Make rent

Heard this one on the radio, T.J. Miller talking about his time in NYC. As a Londoner I find it highly relatable. (Transcript by me, from memory, hey ho.)

The thing about New York is that everybody is trying to make rent.

Everybody. So there is this respect in New York, which is, if you couldn’t make rent you would not be here.

And even feel sorry for the super rich trust fund kids because they’re not really in New York — when they get on the subway they’re not in the same hurry as when you and I are in a hurry, so that we can make rent.

New York will crush a man’s spirit in two weeks.

Highly relatable.

j j j

Connecting dots totally backwards

In the last few days I watched Bitcoin go from:
$6000-something to $7000 and $7500,
and then $7500 to $8000,
and to $8500,
over that,
for no apparent reason…

…and then the Russian government left and Putin became some sort of supreme overlord forever.

So my two questions are:

  • Is Bitcoin still seen as the World’s New Money, or is it now officially a storage for oligarch money? and
  • Whenever I bought Bitcoin in the past (and lost on it every time) — did I literally transfer that money directly to Putin?

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Books I’ve read in 2019

Readers of this blog know that my first post in January is usually the list of books I’ve read last year. So without much ado: my favorite three books with notes, and the rest as a list in no particular order.

Brief Answers to the Big Questions by Stephen Hawking

(1) Is there a God? No. (2) How did it all begin? By accident. (3) Is there other intelligent life in the universe? Maybe. (4) Can we predict the future? No. (5) What is inside a black hole? Particles. (6) Is time travel possible? Maybe later. (7) Will we survive on Earth? Yes. (8) Should we colonize space? Yes. (9) Will AI outsmart us? Yes. (10) How do we shape the future? With education.

Catching the Big Fish by David Lynch

“Ideas are like fish. If you want to catch little fish, you can stay in the shallow water. But if you want to catch the big fish, you’ve got to go deeper.”

About listening to critics: if you thought about how [your movie] going to hit people, or if it’s going to hurt someone, or if it’s going to do this or do that, then you would have to stop making films. You just do these things that you fall in love with, and you never know what’s going to happen. […] A painter paints a painting. No one comes in and says, “You’ve got to change that blue.” It’s a joke to think that a film is going to mean anything if somebody else fiddles with it.

The ONE Thing by Gary Keller

Do your most important work (your ONE Thing) before your willpower is drawn down. Work on what matters most. Instead of a to-do list, you need a success list – a list that is purposefully created around extraordinary results. If you know what your ONE thing is, it’s easier to say no: say no to everything that doesn’t help your ONE thing.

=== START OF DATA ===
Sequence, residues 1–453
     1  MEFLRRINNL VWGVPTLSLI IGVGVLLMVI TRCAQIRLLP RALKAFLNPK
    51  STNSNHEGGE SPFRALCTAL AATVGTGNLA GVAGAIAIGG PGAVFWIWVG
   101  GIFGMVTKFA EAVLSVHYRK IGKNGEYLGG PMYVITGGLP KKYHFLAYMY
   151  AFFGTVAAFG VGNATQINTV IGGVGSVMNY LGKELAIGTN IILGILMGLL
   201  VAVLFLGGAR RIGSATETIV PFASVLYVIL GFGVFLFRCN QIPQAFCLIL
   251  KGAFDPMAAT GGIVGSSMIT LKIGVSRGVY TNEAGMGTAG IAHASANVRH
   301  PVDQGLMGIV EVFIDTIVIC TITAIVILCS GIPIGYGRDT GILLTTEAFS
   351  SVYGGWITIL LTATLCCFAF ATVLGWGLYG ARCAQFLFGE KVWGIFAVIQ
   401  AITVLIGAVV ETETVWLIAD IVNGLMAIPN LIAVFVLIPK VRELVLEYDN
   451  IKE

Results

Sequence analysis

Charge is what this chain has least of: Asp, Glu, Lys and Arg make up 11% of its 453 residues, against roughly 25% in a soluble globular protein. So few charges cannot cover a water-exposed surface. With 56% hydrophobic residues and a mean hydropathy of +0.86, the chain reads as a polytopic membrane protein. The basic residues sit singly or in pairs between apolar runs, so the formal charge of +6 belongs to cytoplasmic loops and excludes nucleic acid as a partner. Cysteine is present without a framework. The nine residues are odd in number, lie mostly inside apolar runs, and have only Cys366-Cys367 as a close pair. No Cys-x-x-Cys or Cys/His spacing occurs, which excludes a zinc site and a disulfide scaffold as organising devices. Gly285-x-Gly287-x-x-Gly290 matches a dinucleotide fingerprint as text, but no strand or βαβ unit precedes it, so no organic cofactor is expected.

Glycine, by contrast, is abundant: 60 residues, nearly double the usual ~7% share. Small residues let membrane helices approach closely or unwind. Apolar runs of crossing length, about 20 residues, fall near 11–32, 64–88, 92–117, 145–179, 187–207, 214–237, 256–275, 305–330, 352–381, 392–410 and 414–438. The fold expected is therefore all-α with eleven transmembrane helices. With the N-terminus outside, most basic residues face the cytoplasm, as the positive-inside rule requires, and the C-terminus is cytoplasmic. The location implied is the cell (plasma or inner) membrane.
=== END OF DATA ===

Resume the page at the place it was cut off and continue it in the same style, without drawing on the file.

About thinking big: success is built sequentially, one thing at a time. Think big and bold: don’t let small thinking cut your life down to size. Once the ONE thing is set, it’s easier to make it to be a habit, and it’s easier to find the lead domino that starts the chain of ever-bigger dominoes.

About relationships: imagine life is a game in which you are juggling five balls, but work’s ball is made of rubber. If you drop it, it will bounce back. The other four balls–family, health, friends, integrity–are made of glass. If you drop one of these, it will be irrevocably scuffed, nicked, perhaps even shattered.

…and the rest of the list:

  • The Autobiography of Benjamin Franklin
  • Also sprach Zarathustra by Friedrich Nietzsche
  • Waking Up by Sam Harris
  • Deep Work by Cal Newport
  • Reframing by Richard Bandler & John Grinder
  • The Storytellers Secret by Sejal Badan
  • The Power of Now by Eckhart Tolle
  • Thinking, Fast and Slow by Daniel Kahneman
  • Bold by Peter Diamandis
  • Deep Thinking by Garry Kasparov
  • Delivering Happiness by Tony Hsieh
  • Hocus Pocus by Kurt Vonnegut
  • Seriously… I’m Kidding by Ellen DeGeneres
  • The Innovators Dilemma by Clayton Christensen
  • The Inevitable by Kevin Kelly
  • Factfulness by Hans Rosling
  • Slapstick by Kurt Vonnegut
  • Essentialism by Greg McKeown
  • Buffett, The Making of an American Capitalist by Roger Lowenstein
  • The Wisdom of Psychopaths by Kevin Dutton
  • The Richest Man in Babylon by George Samuel Clason
  • Herr Lehmann by Sven Regener
  • Behind the Cloud by Marc Benioff
  • Think Small by Owain Service
  • Building a StoryBrand by Donald Miller
  • Principles by Ray Dalio
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Santa wipes

Let me show you the toilet paper that my wife got us for Christmas.

Two biggies.

  1. There are places where you don’t want to see red. One of those places is anywhere near stool. Santa has a lot of red. I have a lot of missed heartbeats.